Feel really stupid.
-Well, it's not your fault, mate. -No, but still. It's the first time.
It's the first time in my life
I took stuff from my bum bag out.
Wherever I am, wherever I go,
I always have a bloody stupid bum bag, you know.
My wife, she gets annoyed
because I'm always walking around with this stupid bum bag.
The first day in my life I took stuff out, bang. It got stolen.
Well
He'll have to move in with you, Charley.
That's all there is to it.
I thought about home all day today. Isn't that funny?
Had real pangs about being at home.
Silly things like being in the kitchen and being in the garden.
Probably now couldn't actually physically be further away from home.
Maybe that's why.
Yeah, maybe it's pretty much the other side.
I think we've ridden to the other side of the world, yeah.
Well, this bit here,
in Far Eastern Russia, was the worrying bit. Always.
This is the hardest bit.
And when we did the maps, this is gonna be the toughest bit
that we'll enjoy in retrospect.
I just don't have a clue as to what to expect.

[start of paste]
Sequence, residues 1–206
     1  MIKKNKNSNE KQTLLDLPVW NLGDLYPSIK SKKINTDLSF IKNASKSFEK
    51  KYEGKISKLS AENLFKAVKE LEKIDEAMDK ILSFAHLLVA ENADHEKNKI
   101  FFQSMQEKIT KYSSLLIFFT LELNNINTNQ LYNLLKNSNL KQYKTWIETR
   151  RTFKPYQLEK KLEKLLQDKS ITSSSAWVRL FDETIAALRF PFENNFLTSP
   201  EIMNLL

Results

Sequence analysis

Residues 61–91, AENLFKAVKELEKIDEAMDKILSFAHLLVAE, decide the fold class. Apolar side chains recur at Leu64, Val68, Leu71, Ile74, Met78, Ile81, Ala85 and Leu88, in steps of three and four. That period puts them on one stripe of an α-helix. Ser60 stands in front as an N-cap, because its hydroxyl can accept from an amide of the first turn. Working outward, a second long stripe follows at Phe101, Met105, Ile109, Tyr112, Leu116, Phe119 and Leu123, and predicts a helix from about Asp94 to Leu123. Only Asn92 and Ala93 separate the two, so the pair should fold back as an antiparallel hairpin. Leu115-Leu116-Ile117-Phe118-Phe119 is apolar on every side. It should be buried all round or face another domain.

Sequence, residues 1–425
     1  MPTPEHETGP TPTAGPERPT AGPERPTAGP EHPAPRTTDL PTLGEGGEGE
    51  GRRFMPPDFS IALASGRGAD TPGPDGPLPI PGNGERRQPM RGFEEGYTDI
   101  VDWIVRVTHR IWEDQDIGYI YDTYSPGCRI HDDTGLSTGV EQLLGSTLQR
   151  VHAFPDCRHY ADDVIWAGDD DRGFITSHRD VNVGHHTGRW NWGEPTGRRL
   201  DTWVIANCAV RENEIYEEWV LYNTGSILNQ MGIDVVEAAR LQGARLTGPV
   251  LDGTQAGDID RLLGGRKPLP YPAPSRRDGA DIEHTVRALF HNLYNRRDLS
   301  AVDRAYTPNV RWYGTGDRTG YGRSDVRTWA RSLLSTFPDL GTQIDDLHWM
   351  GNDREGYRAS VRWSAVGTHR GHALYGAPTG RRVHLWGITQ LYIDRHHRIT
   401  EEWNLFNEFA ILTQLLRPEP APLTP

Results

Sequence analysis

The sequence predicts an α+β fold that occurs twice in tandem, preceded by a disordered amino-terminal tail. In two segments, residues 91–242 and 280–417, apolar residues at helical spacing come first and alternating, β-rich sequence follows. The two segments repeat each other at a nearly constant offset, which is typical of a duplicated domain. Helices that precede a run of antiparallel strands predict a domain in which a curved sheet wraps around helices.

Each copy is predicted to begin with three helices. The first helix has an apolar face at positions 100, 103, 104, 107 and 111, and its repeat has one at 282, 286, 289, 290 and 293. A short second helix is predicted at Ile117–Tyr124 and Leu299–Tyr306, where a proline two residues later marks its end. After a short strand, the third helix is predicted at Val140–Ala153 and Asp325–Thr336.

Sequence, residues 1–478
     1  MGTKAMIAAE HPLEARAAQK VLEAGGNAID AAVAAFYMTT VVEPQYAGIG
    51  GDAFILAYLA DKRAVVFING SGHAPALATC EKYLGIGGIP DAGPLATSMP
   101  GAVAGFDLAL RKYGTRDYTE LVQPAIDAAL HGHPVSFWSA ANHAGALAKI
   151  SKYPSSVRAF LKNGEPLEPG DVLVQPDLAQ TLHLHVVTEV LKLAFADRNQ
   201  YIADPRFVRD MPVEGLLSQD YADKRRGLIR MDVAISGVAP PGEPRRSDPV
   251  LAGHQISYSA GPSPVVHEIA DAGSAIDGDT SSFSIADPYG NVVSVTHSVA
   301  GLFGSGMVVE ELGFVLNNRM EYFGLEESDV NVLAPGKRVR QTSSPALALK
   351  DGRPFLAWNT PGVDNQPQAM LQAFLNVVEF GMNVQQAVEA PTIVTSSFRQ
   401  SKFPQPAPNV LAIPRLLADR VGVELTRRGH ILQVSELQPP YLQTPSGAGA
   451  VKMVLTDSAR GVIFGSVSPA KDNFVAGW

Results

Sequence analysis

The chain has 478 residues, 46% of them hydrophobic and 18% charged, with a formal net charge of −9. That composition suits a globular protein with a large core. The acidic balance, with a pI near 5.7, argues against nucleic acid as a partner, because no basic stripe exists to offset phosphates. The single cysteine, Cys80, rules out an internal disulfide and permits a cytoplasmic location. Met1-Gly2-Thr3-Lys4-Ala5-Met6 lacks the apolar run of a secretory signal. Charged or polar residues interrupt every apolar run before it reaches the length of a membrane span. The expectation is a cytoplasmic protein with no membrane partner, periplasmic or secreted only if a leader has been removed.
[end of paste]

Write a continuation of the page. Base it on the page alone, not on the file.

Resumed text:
We started asking people, anybody we met,
if anybody knew anything about the Road of Bones.
Yakutsk?
-Magadan. -Magadan.
You've never been to it, no?
-No, it's-- Bad. -No, no. Bad road.
The word "wetlands" was used for the first time.
Apparently
Apparently, the first bit's like this. Maybe a bit worse than this.
And then after that the wetlands begin.
I don't like the word "wetlands."
Do you think we'll get to Magadan?
-For you? -Yeah.
This is usually where you say, "Oh, I'm sure it'll be fine."
-Say that. -I'm sure it'll be fine.
The reality of the situation is that you do
mile by mile, inch by inch, you know.
That's how you get through it.
But the things that are making me concerned
are river crossings.
Crossing water.
Riding through mud.
Deep mud.
And I suppose, getting to a point where we can't go any further.
The idea that we might end up in a situation
that stops us in our tracks.